CANCELED: The 2020 Mastrofski Lecture featuring Professor Rod K. Brunson

Monday, March 16, 2020 11:15 AM to 12:00 PM
Fenwick Library, #2001

RSVP NOW CLOSED

UPDATE: In light of increasing concerns regarding the imminent spread of COVID-19 in the Washington, DC metropolitan area, George Mason University is taking a number of precautionary measures to limit exposure and minimize risk. In accordance with CDC and WHO recommendations to limit events and gatherings in order to reduce risk, we are canceling this event.

 

We regret any inconvenience and disappointment this may cause. The health and safety of our community is, and will always be, our top priority.

 

Please refer to the Mason coronavirus website for updates and further communications regarding Mason’s plans and procedures.

 

Join us for the 2020 Mastrofski Lecture featuring Professor Rod K. Brunson for his talk: "Racial Profiling and Street-level Drug Enforcement: Findings from the Block (and the Ivory Tower)".

ROD K. BRUNSON is the Thomas P. O’Neill Jr., Professor of Public Life in the School of Criminology and Criminal Justice (and the Department of Political Science) at Northeastern University. Prof. Brunson has received numerous professional awards in recognition of his distinguished body of scholarly work, most recently, American Society of Criminology, Fellow. Furthermore, Dr. Brunson co-directs the Racial Democracy Crime and Justice Network, an organization of social scientists conducting research on crime, inequality, and the criminal justice system.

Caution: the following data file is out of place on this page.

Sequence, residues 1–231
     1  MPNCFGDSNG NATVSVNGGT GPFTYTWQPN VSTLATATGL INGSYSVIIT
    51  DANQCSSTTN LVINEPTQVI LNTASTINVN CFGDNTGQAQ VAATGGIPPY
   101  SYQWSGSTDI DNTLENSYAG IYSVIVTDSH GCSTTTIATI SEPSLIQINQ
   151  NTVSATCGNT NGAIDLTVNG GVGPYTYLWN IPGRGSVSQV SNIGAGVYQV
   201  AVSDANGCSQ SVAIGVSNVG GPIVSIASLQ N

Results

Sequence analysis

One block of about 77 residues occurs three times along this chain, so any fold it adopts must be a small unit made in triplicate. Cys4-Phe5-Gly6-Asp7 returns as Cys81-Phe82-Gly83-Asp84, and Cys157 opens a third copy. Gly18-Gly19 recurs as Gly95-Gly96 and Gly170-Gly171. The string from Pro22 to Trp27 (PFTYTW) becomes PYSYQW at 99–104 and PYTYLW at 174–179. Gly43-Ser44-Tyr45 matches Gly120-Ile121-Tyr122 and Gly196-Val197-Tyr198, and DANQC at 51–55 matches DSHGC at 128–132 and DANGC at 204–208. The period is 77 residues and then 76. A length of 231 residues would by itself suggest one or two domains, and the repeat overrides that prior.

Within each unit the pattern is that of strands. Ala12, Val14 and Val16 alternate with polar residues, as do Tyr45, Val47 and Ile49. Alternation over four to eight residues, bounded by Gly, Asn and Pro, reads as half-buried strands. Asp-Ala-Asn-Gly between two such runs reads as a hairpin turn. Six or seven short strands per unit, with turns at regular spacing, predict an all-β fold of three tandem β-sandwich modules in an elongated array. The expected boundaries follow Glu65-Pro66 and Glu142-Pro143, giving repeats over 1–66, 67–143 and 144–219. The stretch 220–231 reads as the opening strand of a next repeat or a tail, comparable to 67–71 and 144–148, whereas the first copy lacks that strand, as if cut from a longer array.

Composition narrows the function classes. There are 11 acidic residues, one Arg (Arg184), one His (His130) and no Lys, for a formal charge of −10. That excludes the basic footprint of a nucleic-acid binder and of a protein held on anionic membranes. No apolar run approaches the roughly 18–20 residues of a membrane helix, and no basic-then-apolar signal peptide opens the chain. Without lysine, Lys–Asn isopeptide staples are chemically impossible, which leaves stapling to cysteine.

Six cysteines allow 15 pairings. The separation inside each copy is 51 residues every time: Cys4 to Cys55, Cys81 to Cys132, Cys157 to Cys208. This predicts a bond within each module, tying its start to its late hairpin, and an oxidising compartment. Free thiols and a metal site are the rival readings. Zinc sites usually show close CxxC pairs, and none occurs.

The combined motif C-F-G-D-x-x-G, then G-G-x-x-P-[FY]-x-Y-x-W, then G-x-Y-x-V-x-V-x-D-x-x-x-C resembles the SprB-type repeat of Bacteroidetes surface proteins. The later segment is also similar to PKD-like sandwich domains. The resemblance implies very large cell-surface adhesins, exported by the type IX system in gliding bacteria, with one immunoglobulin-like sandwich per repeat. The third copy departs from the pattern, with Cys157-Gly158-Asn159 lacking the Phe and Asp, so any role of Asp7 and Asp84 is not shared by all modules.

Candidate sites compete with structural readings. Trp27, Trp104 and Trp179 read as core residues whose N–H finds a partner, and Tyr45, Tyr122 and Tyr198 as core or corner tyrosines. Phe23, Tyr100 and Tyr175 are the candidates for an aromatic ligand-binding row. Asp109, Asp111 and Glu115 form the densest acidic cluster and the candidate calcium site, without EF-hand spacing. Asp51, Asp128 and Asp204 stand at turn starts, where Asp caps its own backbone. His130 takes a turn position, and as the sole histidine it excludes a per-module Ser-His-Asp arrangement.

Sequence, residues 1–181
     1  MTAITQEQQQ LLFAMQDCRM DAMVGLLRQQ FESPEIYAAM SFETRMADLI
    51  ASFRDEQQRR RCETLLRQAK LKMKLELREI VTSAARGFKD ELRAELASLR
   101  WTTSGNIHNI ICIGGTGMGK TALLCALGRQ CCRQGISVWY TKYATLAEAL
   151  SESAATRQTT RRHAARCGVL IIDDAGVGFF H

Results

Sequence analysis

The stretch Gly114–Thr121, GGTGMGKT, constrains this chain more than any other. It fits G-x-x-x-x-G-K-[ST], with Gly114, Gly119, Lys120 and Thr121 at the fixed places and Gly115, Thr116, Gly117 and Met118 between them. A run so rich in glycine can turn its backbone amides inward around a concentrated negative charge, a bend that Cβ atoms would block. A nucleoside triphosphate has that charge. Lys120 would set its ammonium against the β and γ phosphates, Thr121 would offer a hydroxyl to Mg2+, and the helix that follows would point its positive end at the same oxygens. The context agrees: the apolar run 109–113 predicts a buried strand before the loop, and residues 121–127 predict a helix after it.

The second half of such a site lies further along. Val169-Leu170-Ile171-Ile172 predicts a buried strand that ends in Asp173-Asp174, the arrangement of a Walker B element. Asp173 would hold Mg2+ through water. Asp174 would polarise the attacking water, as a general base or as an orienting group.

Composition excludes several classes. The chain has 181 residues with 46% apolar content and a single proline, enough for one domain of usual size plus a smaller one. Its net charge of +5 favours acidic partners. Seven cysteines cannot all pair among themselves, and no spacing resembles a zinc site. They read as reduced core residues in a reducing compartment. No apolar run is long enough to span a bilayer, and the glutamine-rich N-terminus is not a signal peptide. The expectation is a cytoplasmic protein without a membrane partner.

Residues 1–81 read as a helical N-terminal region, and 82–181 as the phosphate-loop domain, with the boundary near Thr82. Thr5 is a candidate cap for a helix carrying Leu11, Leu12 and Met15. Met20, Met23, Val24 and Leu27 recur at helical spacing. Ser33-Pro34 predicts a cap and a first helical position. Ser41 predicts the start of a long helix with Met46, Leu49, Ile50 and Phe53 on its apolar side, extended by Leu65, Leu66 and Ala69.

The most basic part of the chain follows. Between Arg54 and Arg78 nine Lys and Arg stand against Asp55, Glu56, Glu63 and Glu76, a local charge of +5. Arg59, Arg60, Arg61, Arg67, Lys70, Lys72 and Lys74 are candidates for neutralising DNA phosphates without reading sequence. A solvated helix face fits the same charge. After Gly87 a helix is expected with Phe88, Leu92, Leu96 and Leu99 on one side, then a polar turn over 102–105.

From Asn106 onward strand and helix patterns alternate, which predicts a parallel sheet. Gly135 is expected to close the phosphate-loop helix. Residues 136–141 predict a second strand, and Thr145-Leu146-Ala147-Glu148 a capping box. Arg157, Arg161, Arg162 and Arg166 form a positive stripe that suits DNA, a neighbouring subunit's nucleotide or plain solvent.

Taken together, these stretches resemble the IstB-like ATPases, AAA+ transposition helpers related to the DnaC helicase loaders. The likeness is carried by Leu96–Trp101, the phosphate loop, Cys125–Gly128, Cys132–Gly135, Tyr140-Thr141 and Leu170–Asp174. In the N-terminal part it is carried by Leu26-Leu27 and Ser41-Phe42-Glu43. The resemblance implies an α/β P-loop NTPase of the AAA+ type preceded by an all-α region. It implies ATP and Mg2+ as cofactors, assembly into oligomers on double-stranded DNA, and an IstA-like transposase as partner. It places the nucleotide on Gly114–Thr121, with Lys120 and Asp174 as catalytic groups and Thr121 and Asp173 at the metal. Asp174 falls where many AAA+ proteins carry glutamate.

Professor Brunson’s expertise centers on police-community relations, youth violence, and evidence-based criminal justice policy. He has consistently called for effective crime reduction strategies that do not result in racially disparate treatment of minority citizens and disadvantaged neighborhoods. Dr. Brunson’s scholarship appears in the Annual Review of Sociology, British Journal of Criminology, City & Community, Criminology, Criminology & Public Policy, Evaluation Review, Justice Quarterly, and Urban Affairs Review.

Prof. Brunson will be presenting on “Racial Profiling and Street-level Drug Enforcement: Findings from the Block (and the Ivory Tower).” He will be advocating that dimensions of urban policing require honest and thoughtful public discourse beyond simplistic explanations commonly used to dismiss police wrongdoing.  Aggressive policing strategies have contributed to volatile neighborhood environments, profoundly unraveling citizen trust and exacerbating unfairness in the criminal justice system.  Objective examinations of contemporary policing are becoming increasingly polarized, unjustly characterizing meaningful critiques of misguided crime-control strategies as unpatriotic and anti-law enforcement.  Given this backdrop, Dr. Brunson offers a nuanced analysis of Black citizen-police experiences, one that humanizes both parties – a dimension sorely missing from most current discussions of tenuous police-minority citizen relations.